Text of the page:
The Petition for Rehearing is denied and the Court having been polled at the request of one of the members of the Court and a majority of the Circuit Judges who are in regular active service not having voted in favor of it (Rule 35 Federal Rules of Appellate Procedure; Local Fifth Circuit Rule 12), Rehearing En Banc is also denied.
Before JOHN R. BROWN, Chief Judge, and WISDOM, GEWIN, BELL, THORNBERRY, COLEMAN, GOLDBERG, AINSWORTH, GODBOLD, DYER, SIMPSON, MORGAN, and CARSWELL, Circuit Judges.
JOHN R. BROWN, Chief Judge, with whom AINSWORTH and SIMPSON, Circuit Judges, join, dissenting:
I dissent from the Court's failure to grant rehearing en banc.
Without regard to the intrinsic question of the correctness of the Court's decision and opinion, this is one of those cases within the spirit of F.R.A.P. 35 and 28 U.S.C.A. § 46 which deserves consideration by the full Court.
As the records of this Court reflect, we have within the very recent months had to deal extensively with Title VII civil rights cases concerning discrimination in employment on account of race, color, sex and religion.
This makes our role crucial. Within the proper limits of the case-and-controversy approach we should lay down standards not only for Trial Courts, but hopefully also for the guidance of administrative agents in the field, as well as employers, employees, and their representatives.
The full Court should look at the issue here posed. And now in the light of the standard erected — sex if coupled
Equally important, the full Court should look to correct what, in my view, is a palpably wrong standard.
The case is simple. A woman with pre-school children may not be employed, a man with pre-school children may.
It is the fact of the person being a mother — i. e., a woman — not the age of the children, which denies employment opportunity to a woman which is open to a man.
How the Court strayed from that simple proposition is not easy to define. Not a little of the reason appears to be a feeling that the Court in interpreting § 703(a) (1), 42 U.S.C.A. § 2000e-2(a) (1), prohibiting sex discrimination,
But in what immediately followed the Court then does a remarkable thing. Referring to EEOC (appearing only as amicus), it states: "The Commission, however, in its appearance before us has rejected this possible reading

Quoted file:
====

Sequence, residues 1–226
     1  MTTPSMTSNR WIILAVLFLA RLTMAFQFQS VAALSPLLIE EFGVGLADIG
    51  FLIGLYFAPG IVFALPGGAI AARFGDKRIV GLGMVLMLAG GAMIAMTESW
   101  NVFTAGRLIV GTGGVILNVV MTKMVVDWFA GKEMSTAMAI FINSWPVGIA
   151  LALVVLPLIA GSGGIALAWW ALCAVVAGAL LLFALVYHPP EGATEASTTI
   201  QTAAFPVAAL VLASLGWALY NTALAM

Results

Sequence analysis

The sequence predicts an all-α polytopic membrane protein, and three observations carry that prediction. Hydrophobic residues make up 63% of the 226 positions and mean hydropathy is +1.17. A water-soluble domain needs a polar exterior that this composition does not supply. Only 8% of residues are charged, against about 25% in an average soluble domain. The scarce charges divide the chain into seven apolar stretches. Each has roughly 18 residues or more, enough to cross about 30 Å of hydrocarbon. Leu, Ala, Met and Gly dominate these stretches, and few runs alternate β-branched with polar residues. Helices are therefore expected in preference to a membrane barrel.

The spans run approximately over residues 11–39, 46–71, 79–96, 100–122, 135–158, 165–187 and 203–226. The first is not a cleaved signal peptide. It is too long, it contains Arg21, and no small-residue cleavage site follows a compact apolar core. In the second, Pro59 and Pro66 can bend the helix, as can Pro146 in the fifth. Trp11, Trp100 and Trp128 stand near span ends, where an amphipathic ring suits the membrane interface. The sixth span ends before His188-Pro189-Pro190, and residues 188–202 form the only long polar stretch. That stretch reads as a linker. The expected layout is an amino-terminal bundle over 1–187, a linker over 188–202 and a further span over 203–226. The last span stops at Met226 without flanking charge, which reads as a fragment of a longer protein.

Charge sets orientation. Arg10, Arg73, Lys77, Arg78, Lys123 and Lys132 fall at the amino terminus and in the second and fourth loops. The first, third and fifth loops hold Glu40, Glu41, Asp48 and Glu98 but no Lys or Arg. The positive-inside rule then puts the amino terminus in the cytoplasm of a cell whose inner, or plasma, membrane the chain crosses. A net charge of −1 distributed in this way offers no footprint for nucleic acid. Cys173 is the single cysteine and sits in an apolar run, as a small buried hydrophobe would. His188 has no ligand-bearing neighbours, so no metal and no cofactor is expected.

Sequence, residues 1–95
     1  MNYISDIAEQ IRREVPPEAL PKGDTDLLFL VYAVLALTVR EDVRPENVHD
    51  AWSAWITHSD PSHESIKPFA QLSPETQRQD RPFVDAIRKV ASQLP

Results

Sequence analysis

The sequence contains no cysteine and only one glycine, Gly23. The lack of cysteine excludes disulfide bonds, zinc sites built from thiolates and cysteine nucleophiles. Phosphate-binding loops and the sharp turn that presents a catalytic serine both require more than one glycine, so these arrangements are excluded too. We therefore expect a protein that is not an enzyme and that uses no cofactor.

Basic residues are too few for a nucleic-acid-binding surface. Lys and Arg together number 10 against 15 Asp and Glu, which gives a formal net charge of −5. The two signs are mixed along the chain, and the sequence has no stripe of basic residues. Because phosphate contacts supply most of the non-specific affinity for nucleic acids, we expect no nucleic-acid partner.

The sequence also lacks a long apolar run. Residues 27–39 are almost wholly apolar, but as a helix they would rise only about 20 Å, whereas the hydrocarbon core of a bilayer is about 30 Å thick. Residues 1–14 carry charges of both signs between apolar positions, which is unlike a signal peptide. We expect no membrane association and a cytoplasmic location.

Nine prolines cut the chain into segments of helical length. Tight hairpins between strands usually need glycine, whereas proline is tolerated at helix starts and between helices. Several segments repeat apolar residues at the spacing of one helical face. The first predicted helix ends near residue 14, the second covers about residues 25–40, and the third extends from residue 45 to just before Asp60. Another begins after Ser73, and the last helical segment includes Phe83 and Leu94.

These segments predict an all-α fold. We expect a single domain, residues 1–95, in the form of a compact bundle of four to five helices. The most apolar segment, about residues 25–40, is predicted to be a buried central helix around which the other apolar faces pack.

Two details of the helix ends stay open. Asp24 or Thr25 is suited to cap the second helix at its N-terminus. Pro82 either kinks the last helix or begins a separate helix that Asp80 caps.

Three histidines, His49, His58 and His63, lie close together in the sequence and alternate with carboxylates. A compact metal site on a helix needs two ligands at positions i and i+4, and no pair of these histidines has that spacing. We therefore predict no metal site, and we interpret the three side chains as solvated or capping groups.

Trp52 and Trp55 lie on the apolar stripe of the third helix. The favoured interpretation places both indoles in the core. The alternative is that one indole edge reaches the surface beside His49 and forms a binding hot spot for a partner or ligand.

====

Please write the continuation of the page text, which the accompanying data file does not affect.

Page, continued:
It is this self-imposed interpretive straightjacket which, I believe, leads the Court to the extremes of "either/or" outright per se violation with no defense or virtual complete immunity from the Act's prohibitions. This it does through its test of "sex plus": " A per se violation of the Act can only be discrimination based solely on one of the categories i. e., in the case of sex; women vis-a-vis men.  When another criterion of employment is added to one of the classifications listed in the Act, there is no longer apparent discrimination based solely on race, color, religion, sex, or national origin."
Reducing it to this record the Court characterizes the admitted discrimination in this way. "The discrimination was based on a two-pronged qualification, i. e., a woman with pre-school age children. Ida Phillips was not refused employment because she was a woman nor because she had pre-school age children. It is the coalescence of these two elements that denied her the position she desired. In view of the above, we are convinced that the judgment of the District Court was proper, and we therefore affirm." 411 F.2d at 4 (Emphasis supplied).
If "sex plus" stands, the Act is dead.
In addition to the intrinsic unsoundness of the "sex plus" standard, the legislative history refutes the idea that Congress for even a moment meant to allow "nonbusiness justified" discrimination against women on the ground that they were mothers or mothers of pre-school children. On the contrary, mothers, working mothers, and working mothers of pre-school children were the specific objectives of governmental solicitude.
In the first place, working mothers constitute a large class
In this and the related legislation on equality of compensation for women
Congress could hardly have been so incongruous as to legislate sex equality
A mother is still a woman. And if she is denied work outright because she is a mother, it is because she is a woman. Congress said that could no longer be done.
Also pending before a panel of this Court are two analogous cases under § 17 of the Fair Labor Standards Act, 29 U.S.C.A. § 201 et seq., involving equality of compensation to women: No. 26960, Schultz v. First Victoria Nat'l. Bank; and No. 26971, Shultz v. American Bank of Commerce.
42 U.S.C.A. § 2000e-2(a) (1).
42 U.S.C.A. § 2000e-2(e).
"In answering the question: `What arrangements do working mothers make for child care?', the Department of Labor responded:
Furthermore, it is the policy of the Administration to encourage unemployed women on public assistance, who have children, to enter the labor market by providing for the establishment of day care centers to enable them to accept offers of employment. On August 8, 1969, President Nixon stated in his address to the Nation on welfare reforms:
Brief for EEOC at 11-12.
At the Senate Hearings, Secretary of Labor Wirtz pointed out:
See also Representative Green (109 Cong.Rec. 9199):